Running backs are some of the most well-known players on NFL teams. They fill up highlight reels and sell thousands of jerseys every year, yet the value NFL teams place on their backfields diminishes every year as well. Last fall, teams assigned accurate value to running backs as they are easily replaceable and fail to meaningfully impact their team’s performance.
Those who watched the NFL playoffs this year saw running backs such as Derrick Henry, Raheem Mostert and Damien Williams steal the show and seemingly carry their teams to victory. The Tennessee Titans upset both the New England Patriots and the Baltimore Ravens because of impactful games by Henry. In both games, Henry carried the ball over 30 times and rushed for over 180 yards. Henry secured the 2019 NFL rushing title, cementing his place as the best running back in the league. When it came time for contract negotiations in April, however, he signed a measly $10.2 million franchise tender after being unable to work out a long-term contract. Meanwhile, Titans quarterback Ryan Tannehill was able to sign a four-year, $118 million contract just a month earlier. Tannehill failed to throw for more than 100 yards in either of the Titans’ playoff victories.
Running backs have proven easily replaceable relative to other positions. Former Pittsburgh Steeler Le’Veon Bell and former Los Angeles Charger Melvin Gordon’s holdouts signified the downfall of running backs. Both Bell and Gordon established themselves as some of the top players at their positions. Seeking long term deals, Bell and Gordon sat out on seasons in which they could have made millions of dollars. In their absence, neither team missed a beat, with former third-round pick James Conner replacing Bell and undrafted free agent Austin Ekeler subbing in for Gordon.
Conner and Ekeler’s performances significantly diminished their predecessors’ value, as both Bell and Gordon were forced to sign contracts worth significantly less money than the contracts teams had previously offered them. Bell and Gordon are not anomalies; good running backs are not difficult to find in comparison to other positions. This epiphany has become such a popular sentiment in the league that the New York Jets fired their general manager shortly after he forked over a $52.5 million deal to Bell.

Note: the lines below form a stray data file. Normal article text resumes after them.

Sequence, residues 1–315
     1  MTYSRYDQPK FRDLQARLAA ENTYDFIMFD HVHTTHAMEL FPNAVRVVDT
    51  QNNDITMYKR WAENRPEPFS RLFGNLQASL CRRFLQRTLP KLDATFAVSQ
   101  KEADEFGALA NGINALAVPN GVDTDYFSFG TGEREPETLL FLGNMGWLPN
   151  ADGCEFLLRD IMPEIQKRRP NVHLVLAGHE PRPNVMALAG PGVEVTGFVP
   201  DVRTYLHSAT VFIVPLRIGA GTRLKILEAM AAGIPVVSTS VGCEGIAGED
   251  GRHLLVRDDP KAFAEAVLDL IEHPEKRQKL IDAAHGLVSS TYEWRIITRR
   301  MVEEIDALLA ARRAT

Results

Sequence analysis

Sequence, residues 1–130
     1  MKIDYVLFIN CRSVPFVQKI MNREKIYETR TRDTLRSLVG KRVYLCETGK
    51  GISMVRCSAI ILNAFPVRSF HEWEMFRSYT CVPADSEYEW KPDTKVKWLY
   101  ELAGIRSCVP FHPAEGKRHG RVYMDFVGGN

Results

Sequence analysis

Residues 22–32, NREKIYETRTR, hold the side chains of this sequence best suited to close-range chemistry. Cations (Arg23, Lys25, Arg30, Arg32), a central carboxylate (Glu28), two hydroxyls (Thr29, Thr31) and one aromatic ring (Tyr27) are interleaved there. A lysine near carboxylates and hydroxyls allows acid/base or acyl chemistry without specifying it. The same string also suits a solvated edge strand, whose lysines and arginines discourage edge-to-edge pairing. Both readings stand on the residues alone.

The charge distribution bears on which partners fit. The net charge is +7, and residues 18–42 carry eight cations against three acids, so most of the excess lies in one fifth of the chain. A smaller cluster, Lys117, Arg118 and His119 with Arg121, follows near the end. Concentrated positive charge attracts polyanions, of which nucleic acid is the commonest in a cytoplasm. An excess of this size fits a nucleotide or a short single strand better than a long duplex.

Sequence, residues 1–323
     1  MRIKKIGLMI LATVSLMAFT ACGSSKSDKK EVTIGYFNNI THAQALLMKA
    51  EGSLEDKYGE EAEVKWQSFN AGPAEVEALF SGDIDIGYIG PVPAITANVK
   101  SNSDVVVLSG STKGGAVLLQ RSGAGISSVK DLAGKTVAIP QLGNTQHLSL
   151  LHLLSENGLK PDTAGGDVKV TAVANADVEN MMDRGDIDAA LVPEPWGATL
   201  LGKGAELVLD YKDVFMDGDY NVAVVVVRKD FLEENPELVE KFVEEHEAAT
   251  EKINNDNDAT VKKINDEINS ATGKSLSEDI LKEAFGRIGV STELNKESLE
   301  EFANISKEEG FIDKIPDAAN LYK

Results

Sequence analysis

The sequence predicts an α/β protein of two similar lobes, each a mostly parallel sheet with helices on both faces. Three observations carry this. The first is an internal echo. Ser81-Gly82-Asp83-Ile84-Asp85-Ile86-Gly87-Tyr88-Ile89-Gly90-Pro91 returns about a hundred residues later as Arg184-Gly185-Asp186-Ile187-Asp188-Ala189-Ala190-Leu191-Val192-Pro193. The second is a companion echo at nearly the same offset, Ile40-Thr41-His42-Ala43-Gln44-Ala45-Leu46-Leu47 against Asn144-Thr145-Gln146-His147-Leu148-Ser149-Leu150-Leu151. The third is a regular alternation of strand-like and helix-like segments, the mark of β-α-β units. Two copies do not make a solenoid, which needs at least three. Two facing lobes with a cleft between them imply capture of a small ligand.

Great running backs also fail to produce overall team success. Last season, just three of the teams with top-10 rushing leaders made the playoffs. Many of the best running backs of all time, such as Barry Sanders, Adrian Peterson and LaDainian Tomlinson, failed to ever reach the Super Bowl and consistently missed the playoffs. During their respective MVP seasons, each of these players reached the playoffs, yet none of their teams won a game. The last time the highest rushing leader won a Super Bowl was Terrell Davis in 1998. The 2020 Super Bowl Champion Kansas City Chiefs were in the bottom half of the league in their rushing attack, with the 22nd-best rushing offense overall.
Not only do good running backs fail to produce successful seasons, but they also do not create good offenses. Henry’s Titans, who had the best rushing offense in the league last season, put up an average collective offense, ranking 15th in yards per game. The Carolina Panthers just made Christian McCaffrey, a 2019 first-team all-pro running back and third-highest rusher overall, the highest-paid running back in NFL history. The Panthers’ offense ranked just 19th in yards per game last season. If having an all-pro running back was as valuable as McCaffrey’s recent contract would suggest, one would expect the Panthers to be a bit better offensively. However, the Panthers would not be better off without McCaffrey. They would have more capital to allocate without McCaffrey, however, if the $64 million they gave him was moved to positions that are more difficult to replace. Giving McCaffrey, or any running back, a large contract is betting their talent is so valuable that it justifies centralizing so much salary cap space with their contract.
Recent evidence suggests teams have significantly overestimated just how much one of those running backs can do for them. The Jets are a perfect example of how investing too much of a salary cap into a running back ruins the entire team’s performance. Behind their $53 million dollar man, Bell, the Jets finished as the worst offense in the NFL.
The NFL is still far from the floor on running back value as long as teams like the Panthers and the Jets continue to hand out ill-advised deals to their beloved halfbacks. The floor is approaching, however. More teams should deny their running backs the massive contracts they seek. Monitoring whether those running backs choose to hold out or compromise on smaller deals will be interesting.
Austin Barish is a rising sophomore in the College. Running the Post appears online every month.